The vaccine for COVID-19 is officially being released in the U.S. and across the world after roughly one year since the virus was first introduced into the human population. Its rapid development is one for the history books, and many first responders and more vulnerable people are lining up to be the first in a long line of global recipients. New data shows how a hesitancy to take the coronavirus vaccine has fallen over the past months.
In a new survey from the Kaiser Family Foundation, 71 percent of respondents said they’ll either definitely or probably get the COVID-19 vaccine if it’s free and deemed safe by scientists (which is true for both). That’s an eight percentage point increase from the same survey in September. Just 27 percent said they’ll either definitely or probably not get the vaccine – down seven percentage points from three months ago.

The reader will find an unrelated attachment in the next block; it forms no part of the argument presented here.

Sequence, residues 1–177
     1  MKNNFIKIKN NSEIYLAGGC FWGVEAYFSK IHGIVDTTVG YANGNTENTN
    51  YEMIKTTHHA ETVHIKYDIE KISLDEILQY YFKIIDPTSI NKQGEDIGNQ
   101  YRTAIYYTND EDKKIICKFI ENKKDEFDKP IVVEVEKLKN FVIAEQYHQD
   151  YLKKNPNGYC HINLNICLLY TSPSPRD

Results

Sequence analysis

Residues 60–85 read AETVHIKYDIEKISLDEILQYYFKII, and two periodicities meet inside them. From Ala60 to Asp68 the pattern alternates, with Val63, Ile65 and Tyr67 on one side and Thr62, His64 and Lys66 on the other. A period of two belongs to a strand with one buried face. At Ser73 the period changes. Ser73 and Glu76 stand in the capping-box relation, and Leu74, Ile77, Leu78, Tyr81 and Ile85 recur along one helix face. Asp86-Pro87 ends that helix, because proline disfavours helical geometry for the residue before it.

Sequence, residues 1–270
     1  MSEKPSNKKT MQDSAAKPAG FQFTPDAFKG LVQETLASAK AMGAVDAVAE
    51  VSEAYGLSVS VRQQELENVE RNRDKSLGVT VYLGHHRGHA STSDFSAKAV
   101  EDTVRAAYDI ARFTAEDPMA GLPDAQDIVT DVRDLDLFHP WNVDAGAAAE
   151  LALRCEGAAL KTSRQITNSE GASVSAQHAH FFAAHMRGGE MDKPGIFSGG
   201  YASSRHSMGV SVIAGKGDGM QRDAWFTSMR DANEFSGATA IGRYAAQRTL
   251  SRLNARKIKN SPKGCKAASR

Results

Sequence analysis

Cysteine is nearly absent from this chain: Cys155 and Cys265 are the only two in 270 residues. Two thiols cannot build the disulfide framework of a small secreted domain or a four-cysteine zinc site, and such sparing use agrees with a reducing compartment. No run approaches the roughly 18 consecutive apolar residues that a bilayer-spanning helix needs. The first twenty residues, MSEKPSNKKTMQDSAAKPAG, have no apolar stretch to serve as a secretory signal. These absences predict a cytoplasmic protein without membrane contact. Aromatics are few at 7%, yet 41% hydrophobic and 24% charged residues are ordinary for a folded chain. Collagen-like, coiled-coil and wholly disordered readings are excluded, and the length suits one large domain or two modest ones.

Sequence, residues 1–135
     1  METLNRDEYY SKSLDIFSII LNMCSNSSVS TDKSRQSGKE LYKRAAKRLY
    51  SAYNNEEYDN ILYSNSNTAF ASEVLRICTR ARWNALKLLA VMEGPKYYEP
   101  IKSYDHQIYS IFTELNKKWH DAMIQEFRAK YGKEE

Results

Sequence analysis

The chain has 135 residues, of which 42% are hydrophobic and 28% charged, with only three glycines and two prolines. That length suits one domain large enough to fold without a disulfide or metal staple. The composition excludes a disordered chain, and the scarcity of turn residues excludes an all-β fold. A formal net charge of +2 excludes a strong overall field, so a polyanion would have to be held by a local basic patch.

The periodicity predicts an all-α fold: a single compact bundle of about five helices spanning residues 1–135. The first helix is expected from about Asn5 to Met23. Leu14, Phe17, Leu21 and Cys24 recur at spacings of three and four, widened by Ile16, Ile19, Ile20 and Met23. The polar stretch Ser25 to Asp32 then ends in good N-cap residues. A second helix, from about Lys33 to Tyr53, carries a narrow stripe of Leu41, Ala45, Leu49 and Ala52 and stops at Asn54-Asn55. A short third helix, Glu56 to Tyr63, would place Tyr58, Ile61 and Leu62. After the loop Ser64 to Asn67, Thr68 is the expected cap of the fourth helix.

Hesitancy toward the vaccine has been a troubling question mark in the U.S. To achieve an optimal herd immunity for the coronavirus, medical leaders like Dr. Anthony Fauci said this week that roughly 85 percent of Americans need the vaccination. Fauci also recently said he expects to see signs of herd immunity in the country around March, suggesting he’s confident that the U.S. will mostly accept the vaccine over the next months.
Currently, states are prioritizing frontline healthcare workers and extremely vulnerable populations such as nursing homes due to limited vaccine supply. Many states are still developing criteria on how they’ll continue distributing the vaccine into 2021, however the federal Operation Warp Speed vaccine program is hopeful the country will be able to distribute enough doses to vaccinate around 100 million people by March or April.